Ben and Viv’s Excellent Adventure
Updated: Jul 24, 2021
You might not know the following figures—but you should. In Campus Characters, The Blue & White introduces you to a handful of Columbians who are up to interesting and extraordinary things and whose stories beg to be shared. This issue, we bring you two campus power couples who aren’t couples. If you’d like to suggest a Campus Character, send us an email at email@example.com.
“Our goal from the get-go was to under-promise and over-deliver.” So say the new Columbia College Student Council president and VP of policy, Benjamin Makansi and Vivek Ramakrishnan respectively, of their election campaign strategy. Although an example of the duo’s characteristic dry wit (they were utterly deadpan as they suggested I interview their parents for a “pretty solid reference” and had me fooled for a moment), the motto suits them perfectly.
These two new leaders of CCSC—often referred to as “Ben and Viv”—ran as outsiders in a campaign they described as “satirical.” Their campaign for the ‘Freedom, Liberty and Freedom’ party, featuring posters of the pair in wife beaters and American flag boxers, turned serious when they came up with a slim but popular platform. In a surprise victory this April, the duo managed to defeat the incumbent CCSC e-board by 50 votes.
While Ben and Viv seemed a goofy novelty to many following CCSC politics, the two have been together a long time, and both are driven and accomplished. Ben and Viv met in the fall of their freshman year playing soccer in Riverside Park (“Who is this little shit who thinks he’s good?” Ben says he thought of his opponent turned running mate). Shortly afterwards, they decided to spread their love of soccer, fundraising around $20,000 to build a soccer field in Uganda as part of a project Viv had begun in high school. They spent two weeks there with the help of SigEp’s Balanced Man Fellowship. They are both brothers in Beta, and individually they each have extensive extracurriculars. Ben started the Atheists and Agnostics Society, did Sabor, and was an RA in McBain; Viv is part of CUE and was president of the table tennis club.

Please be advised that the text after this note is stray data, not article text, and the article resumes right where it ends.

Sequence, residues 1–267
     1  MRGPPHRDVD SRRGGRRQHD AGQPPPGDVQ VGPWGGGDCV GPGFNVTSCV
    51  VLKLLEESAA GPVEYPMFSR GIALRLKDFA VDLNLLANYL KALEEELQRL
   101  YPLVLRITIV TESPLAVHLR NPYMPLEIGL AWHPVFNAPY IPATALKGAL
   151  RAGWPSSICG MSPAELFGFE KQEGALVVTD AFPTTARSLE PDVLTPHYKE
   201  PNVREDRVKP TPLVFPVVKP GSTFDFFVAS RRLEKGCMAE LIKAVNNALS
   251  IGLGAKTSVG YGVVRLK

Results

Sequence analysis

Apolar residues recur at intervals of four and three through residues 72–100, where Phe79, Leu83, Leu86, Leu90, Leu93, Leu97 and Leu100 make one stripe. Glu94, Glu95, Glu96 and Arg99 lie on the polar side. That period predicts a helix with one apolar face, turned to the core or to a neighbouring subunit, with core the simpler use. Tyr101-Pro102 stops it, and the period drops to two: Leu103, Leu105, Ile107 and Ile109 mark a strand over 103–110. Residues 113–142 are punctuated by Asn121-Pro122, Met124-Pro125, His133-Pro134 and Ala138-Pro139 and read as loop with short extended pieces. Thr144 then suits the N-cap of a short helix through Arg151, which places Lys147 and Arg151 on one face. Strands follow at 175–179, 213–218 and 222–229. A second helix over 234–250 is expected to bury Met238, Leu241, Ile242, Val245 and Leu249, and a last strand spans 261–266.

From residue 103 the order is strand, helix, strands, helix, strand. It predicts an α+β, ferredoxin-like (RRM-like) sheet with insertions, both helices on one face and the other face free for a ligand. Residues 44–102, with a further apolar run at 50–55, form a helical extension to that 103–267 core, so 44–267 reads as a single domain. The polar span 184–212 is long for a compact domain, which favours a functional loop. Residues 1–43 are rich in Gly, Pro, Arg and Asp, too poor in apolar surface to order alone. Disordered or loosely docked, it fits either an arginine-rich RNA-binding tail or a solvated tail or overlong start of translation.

The Freedom, Liberty, and Freedom party first came about when the two ran for junior class council.
They had been joking about a humorous campaign with their friend Sameer Mishra (also Beta, now VP Finance) who was then running for class rep. They eventually decided to run for junior class council, and lost by only 64 votes of 622 cast. The next year, to make the most impact in their final run for student politics, they decided to campaign for E-board.
The process looked off-the-cuff, but was highly coordinated. Fellow Beta brothers served as campaign manager and head of security. The two tell me they still have “a stack of 450 posters still in our room that we didn’t hang up.” They instead opted for direct engagement in dining halls, a tactic which yielded mixed results.
“A lot of people were willing to talk to us and engage with us, and some people said they didn’t want to,” said Viv. “My favorite was having guys tell me they went to Barnard.”
Even with a campaign team, Viv put their chances of success at 30/70. Ben gave them better odds, but didn’t expect a win.Since the victory , Ben and Viv have been busy getting acquainted with the intricacies of being student leaders at Columbia. They feel the administration is willing to work with them (“We’re not going to go into administrative meetings cracking jokes and showing up in American flag tank-tops,” says Viv), and the outgoing executive board has helped them transition.
The Pres and Vice-Pres have stuck to the commitments they campaigned on: posting CCSC meeting minutes on Facebook, sending out surveys at the beginning of the school year, and making “Student Group of the Week” videos. They also want to continue work on the food insecurity proposal, which would provide free meal swipes to students in emergency situations, and push for 4-credit lecture courses in all departments.
Viv says he looks forward to the “legwork,” but although the two aim to keep humour in everything they do, coordinating proposals is a far cry from the hi-jinks of their campaign. “Honestly,” he says, “it does not sound sexy on paper.”